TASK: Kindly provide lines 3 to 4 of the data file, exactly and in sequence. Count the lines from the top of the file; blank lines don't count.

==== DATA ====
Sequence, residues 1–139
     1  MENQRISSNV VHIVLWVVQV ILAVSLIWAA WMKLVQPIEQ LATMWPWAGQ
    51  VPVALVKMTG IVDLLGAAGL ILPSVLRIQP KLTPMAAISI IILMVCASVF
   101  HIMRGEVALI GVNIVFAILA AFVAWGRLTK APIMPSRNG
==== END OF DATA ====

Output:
    51  VPVALVKMTG IVDLLGAAGL ILPSVLRIQP KLTPMAAISI IILMVCASVF
   101  HIMRGEVALI GVNIVFAILA AFVAWGRLTK APIMPSRNG